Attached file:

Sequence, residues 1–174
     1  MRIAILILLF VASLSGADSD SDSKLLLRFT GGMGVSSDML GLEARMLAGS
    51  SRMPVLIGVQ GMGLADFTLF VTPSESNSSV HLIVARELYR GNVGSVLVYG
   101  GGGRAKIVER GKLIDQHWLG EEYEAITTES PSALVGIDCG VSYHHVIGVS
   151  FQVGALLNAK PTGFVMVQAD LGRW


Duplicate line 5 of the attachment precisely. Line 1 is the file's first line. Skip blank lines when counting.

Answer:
   151  FQVGALLNAK PTGFVMVQAD LGRW